Notwithstanding these efforts, the commitment of Canada to multi-lateral efforts showed through its total support for peacekeeping efforts. The country became prominent for its peacekeeping role in the 20th and 21st centuries. However, starting 1995, the participation of the CAF in United Nations’ peacekeeping functions started to decrease because it concentrated on NATO operations.

Definitions

  • Air force > Combat aircraft: Number of fighter aircrafts (fixed wing aircrafts with combat capability).
  • Army > Attack helicopters: Number of attack helicopter (includes helicopters that have some attacking capabilities).
  • Army > Main battle tanks: Number of main battle tanks.
  • Budget: Annual defense budget in billion USD.
  • Expenditures > Percent of GDP: Current military expenditures as an estimated percent of gross domestic product (GDP).
  • Global Peace Index: The Global Peace Index is comprised of 22 indicators in the three categories ongoing domestic or international conflicts; societal safety; and security and militarization. A low index value indicates a peaceful and safe country.
  • Military expenditures: This entry gives spending on defense programs for the most recent year available as a percent of gross domestic product (GDP); the GDP is calculated on an exchange rate basis, i.e., not in terms of purchasing power parity (PPP). For countries with no military forces, this figure can include expenditures on public security and police.
  • Military service age and obligation: This entry gives the required ages for voluntary or conscript military service and the length of service obligation.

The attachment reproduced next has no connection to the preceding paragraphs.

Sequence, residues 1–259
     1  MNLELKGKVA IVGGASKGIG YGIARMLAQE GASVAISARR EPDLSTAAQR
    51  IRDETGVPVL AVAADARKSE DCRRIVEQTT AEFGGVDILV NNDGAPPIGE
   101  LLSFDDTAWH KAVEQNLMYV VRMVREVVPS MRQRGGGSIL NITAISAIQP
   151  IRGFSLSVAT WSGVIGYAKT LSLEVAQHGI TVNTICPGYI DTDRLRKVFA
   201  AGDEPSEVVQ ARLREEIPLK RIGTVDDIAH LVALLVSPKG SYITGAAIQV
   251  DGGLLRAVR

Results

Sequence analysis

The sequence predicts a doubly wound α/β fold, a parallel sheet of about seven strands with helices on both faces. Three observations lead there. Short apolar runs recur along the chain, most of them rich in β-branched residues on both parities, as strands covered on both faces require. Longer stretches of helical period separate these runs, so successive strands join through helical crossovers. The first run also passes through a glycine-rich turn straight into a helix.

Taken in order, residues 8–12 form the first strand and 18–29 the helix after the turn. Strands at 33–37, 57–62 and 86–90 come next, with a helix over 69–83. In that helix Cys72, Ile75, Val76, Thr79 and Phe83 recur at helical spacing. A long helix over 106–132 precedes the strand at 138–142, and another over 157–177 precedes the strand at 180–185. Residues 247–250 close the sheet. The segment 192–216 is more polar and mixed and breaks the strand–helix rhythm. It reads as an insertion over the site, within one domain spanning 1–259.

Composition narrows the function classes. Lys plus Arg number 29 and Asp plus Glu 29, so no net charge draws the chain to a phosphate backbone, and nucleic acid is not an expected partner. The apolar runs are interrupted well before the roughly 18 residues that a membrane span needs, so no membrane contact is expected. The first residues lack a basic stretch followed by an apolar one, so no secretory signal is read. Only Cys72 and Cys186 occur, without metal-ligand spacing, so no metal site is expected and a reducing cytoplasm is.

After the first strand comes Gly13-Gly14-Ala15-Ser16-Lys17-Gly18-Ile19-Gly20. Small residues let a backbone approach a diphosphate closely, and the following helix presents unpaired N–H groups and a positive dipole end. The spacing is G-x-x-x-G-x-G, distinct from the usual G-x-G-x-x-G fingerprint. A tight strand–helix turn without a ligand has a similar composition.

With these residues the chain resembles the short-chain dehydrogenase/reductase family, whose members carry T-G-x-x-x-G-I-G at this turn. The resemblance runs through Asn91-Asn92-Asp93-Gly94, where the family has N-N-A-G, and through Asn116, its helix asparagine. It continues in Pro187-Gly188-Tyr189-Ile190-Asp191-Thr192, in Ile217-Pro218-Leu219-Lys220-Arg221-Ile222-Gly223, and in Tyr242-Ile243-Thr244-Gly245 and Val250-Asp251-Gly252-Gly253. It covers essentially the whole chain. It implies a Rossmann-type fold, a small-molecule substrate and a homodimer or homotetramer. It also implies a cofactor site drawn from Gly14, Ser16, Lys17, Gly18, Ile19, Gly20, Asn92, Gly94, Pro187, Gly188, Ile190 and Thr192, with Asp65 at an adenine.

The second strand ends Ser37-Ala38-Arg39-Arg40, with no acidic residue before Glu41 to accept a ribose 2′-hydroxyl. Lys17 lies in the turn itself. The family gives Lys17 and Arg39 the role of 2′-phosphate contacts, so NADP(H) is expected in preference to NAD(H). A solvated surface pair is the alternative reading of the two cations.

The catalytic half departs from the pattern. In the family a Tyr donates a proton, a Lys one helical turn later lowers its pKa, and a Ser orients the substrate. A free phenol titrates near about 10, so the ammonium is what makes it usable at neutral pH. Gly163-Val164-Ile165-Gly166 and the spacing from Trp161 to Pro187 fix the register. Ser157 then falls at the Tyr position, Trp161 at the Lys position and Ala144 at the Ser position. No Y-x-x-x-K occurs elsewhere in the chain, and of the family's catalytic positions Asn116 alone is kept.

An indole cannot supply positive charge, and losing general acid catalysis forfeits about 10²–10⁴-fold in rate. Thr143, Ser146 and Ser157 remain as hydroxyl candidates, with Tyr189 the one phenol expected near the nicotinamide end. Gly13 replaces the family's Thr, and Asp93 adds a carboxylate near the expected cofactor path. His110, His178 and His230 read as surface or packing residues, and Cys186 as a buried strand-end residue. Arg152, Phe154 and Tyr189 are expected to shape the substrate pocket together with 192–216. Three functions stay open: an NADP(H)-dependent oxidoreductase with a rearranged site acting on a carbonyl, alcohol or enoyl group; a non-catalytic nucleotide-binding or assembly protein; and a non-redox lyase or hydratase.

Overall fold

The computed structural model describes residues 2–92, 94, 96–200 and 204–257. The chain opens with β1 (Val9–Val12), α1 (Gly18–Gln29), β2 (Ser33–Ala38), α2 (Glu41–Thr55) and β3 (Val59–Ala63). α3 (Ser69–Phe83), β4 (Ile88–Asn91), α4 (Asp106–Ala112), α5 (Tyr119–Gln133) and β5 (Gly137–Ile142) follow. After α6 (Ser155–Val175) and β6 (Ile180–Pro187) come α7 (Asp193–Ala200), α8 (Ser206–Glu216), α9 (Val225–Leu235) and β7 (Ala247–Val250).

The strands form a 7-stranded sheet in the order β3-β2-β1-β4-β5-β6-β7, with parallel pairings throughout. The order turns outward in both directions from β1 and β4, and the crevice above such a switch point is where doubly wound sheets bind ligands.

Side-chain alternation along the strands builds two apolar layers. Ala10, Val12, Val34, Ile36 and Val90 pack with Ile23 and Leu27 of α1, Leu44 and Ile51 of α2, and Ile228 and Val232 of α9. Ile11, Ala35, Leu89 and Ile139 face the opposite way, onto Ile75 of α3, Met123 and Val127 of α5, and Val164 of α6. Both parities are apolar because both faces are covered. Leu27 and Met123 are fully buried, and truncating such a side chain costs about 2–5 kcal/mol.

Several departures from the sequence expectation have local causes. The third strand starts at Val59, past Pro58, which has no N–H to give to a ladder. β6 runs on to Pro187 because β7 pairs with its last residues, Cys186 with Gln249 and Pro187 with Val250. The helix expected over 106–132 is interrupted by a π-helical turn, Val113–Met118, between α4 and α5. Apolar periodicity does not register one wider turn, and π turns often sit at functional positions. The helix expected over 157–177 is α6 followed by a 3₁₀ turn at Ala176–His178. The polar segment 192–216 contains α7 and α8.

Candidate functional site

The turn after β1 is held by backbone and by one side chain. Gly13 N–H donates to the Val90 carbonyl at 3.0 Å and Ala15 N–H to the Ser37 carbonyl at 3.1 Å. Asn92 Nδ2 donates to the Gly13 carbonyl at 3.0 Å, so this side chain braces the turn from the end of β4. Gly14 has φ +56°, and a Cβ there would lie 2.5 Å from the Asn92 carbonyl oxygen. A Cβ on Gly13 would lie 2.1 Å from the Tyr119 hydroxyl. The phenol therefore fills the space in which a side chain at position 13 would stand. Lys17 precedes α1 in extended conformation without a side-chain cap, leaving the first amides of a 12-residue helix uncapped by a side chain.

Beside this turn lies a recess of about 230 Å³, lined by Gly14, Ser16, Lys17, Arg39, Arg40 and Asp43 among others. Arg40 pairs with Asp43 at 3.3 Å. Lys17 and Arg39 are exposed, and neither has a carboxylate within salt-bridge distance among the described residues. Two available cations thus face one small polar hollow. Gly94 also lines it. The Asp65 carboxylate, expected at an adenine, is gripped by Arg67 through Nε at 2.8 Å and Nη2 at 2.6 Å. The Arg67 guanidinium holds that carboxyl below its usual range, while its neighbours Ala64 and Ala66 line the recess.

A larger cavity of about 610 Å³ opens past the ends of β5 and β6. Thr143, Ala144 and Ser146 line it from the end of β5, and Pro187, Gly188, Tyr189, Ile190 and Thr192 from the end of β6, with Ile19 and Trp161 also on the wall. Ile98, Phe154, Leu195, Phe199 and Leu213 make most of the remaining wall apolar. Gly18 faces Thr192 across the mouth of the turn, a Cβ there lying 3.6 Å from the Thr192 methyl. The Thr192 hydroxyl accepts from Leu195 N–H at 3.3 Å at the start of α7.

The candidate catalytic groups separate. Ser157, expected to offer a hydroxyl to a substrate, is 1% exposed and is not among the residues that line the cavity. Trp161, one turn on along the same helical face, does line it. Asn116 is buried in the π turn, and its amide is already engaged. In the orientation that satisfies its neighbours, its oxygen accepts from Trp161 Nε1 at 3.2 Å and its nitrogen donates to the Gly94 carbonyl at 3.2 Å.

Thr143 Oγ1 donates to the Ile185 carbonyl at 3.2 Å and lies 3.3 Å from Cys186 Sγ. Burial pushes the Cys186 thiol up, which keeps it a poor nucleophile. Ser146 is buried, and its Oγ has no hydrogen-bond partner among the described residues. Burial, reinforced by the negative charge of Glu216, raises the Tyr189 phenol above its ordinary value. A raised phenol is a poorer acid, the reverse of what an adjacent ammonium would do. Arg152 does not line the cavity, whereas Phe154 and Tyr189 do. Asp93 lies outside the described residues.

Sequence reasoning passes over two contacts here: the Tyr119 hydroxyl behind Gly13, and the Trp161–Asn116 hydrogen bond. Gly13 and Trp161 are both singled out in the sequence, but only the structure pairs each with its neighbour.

• Navy > Aircraft carriers: Number of aircraft carriers.
  • Navy > Corvette warships: Number of corvettes.
  • Navy > Submarines: Number of patrol boats (includes minesweepers).
  • Paramilitary personnel: Paramilitary.

    No date was available from the Wikipedia article, so we used the date of retrieval.

  • Personnel > Per capita: Armed forces personnel are active duty military personnel, including paramilitary forces if the training, organization, equipment, and control suggest they may be used to support or replace regular military forces. Per capita figures expressed per 1,000 population.
  • Service age and obligation: This entry gives the required ages for voluntary or conscript military service and the length of sevice obligation.
  • War deaths: Battle-related deaths are deaths in battle-related conflicts between warring parties in the conflict dyad (two conflict units that are parties to a conflict). Typically, battle-related deaths occur in warfare involving the armed forces of the warring parties. This includes traditional battlefield fighting, guerrilla activities, and all kinds of bombardments of military units, cities, and villages, etc. The targets are usually the military itself and its installations or state institutions and state representatives, but there is often substantial collateral damage in the form of civilians being killed in crossfire, in indiscriminate bombings, etc. All deaths--military as well as civilian--incurred in such situations, are counted as battle-related deaths."
STAT AMOUNT DATE RANK HISTORY
Air force > Combat aircraft 100 1999 3rd out of 11
Army > Attack helicopters 0.0 1999 5th out of 5
Army > Main battle tanks 235 1999 4th out of 10
Budget 21 US$ BN 1999 1st out of 11
Expenditures > Percent of GDP 1.1% 2005 122nd out of 153
Global Peace Index 1.31 2013 26th out of 33
Military expenditures 1.1% of GDP 2005 29th out of 40
Military service age and obligation 17 years of age for voluntary male and female military service (with parental consent); 16 years of age for Reserve and Military College applicants; Canadian citizenship or permanent residence status required; maximum 34 years of age; service obligation 3-9 years 2012
Navy > Aircraft carriers 0.0 1999 5th out of 11
Navy > Corvette warships 5 1999 2nd out of 8
Navy > Submarines 1 1999 2nd out of 8
Paramilitary personnel 4,554 2014 77th out of 147
Personnel > Per capita 2.2 per 1,000 people 2005 123th out of 160
Service age and obligation 17 years of age for male and female voluntary military service (with parental consent); 16 years of age for reserve and military college applicants; Canadian citizenship or permanent residence status required; maximum 34 years of age; service obligation 3-9 years 2008
War deaths 0.0 2008 195th out of 195

Citation

"Canada Military Stats", NationMaster. Retrieved from http://www.nationmaster.com/country-info/profiles/Canada/Military

Did you know

5